English language proficiency – is the ability of students to use the English language to make and communicate meaning in spoken and written contexts while completing their course of study.

EFTSL – one Equivalent Full-Time Student Load is a measure of the study load, for a year, of a student undertaking a course of study on a full time basis.

Field of Education – as defined by the Australian Standard Classification of Education (ASCED), which is a classification of courses, specialisations and units of study, with the same or similar vocational emphasis or principal subject matter in the course of study. ASCED is available at: http://www.ausstats.abs.gov.au/ausstats/free.nsf/0/2D08D604CC032093CA256AAF0080766F/$File/12720_2001.pdf.  The ‘Detailed Field of Education’ refers to the ASCED six digit code. The ‘Broad Field of Education’ refers to the ASCED two digit code.

Field of study – see ‘Field of Education’.

Financial viability – where there are financial resources and financial management capacity to sustain higher education provision consistent with the requirements of the Provider Registration Standards.

FTE – full-time equivalence, as defined by the Department of Education’s HEIMS-HELP glossary at http://heimshelp.education.gov.au/sites/heimshelp/Resources/Glossary.

Governing body – the body with ultimate decision making authority over the higher education provider and its higher education operations.

Grade distributions – are set by each higher education provider and involve analysing the aggregation of final grades using data by subject, course of study, student cohort or other grouping. Grade distributions may be determined using norm-referencing methods, criterion-referencing methods, or a combination of both. Criterion-referencing requires a focus on identified learning outcomes and provides transparency for students.

Graduate attributes – generic learning outcomes that refer to transferable, non-discipline specific skills that a graduate may achieve through learning that have application in study, work and life contexts.

Higher education award – means:

(a)   A diploma, advanced diploma, associate degree, bachelor degree, graduate certificate, graduate diploma, masters degree or doctoral degree, or
(b)    qualification covered by level 5, 6, 7, 8, 9 or 10 of the Australian Qualifications Framework, or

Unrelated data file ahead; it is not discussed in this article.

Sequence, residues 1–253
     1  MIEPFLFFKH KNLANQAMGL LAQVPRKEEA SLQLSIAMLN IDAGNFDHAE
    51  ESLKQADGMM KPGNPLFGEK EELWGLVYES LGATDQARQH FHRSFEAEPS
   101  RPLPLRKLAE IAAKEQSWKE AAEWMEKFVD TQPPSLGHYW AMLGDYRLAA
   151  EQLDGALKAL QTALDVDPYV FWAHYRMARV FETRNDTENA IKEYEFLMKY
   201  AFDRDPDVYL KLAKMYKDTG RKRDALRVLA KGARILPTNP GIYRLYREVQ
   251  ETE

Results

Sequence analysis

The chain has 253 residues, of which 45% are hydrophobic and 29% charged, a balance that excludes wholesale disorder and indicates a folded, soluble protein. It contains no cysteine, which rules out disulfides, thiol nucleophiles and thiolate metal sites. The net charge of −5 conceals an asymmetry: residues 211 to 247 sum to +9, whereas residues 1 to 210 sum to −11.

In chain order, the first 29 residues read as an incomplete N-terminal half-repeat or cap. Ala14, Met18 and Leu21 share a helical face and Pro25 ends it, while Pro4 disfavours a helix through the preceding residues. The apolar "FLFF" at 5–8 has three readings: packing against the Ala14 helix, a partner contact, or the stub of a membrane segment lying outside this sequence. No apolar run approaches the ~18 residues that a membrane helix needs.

(c)   an award of a similar kind, or represented as being of a similar kind, to any of the above awards, 

other than an award offered or conferred for the completion of a vocational education and training course.

Higher education provider (Provider) also (HEP)Higher education provider is defined in the TEQSA Act and means:

(a) a constitutional corporation that offers or confers a regulated higher education award, or

(b) a corporation that:

(i) offers or confers a regulated higher education award; and

(ii) is established by or under a law of the Commonwealth or a Territory; or

(c) a person who offers or confers a regulated higher education award for the completion of a course of study provided wholly or partly in a Territory.

Higher education services – includes functions such as:  delivery of teaching and learning services (including student assessment); student learning support (such as access to library materials, academic learning support, and English language support); personal student support services (such as career services, advocacy, counselling, accommodation services, health and welfare services); marketing, advertising and promotion of course(s) of study; student recruitment; maintenance of and/or access to electronic resources and/or websites to support higher education operations; maintaining student records and data; student admission services; provision of teaching and learning or research facilities; student complaint management; and research supervision.

Higher Education Standards PanelThe Higher Education Standards Panel is responsible for developing and monitoring the Higher Education Standards Framework. Panel members are appointed by the Minister for Tertiary Education, in consultation with the Commonwealth Minister for Research.

Higher Education Support Act 2003 (HESA)The Higher Education Support Act 2003 (HESA) provides for the Commonwealth to give financial support for higher education and certain vocational education and training through:

(a) grants and other payments made largely to higher education providers; and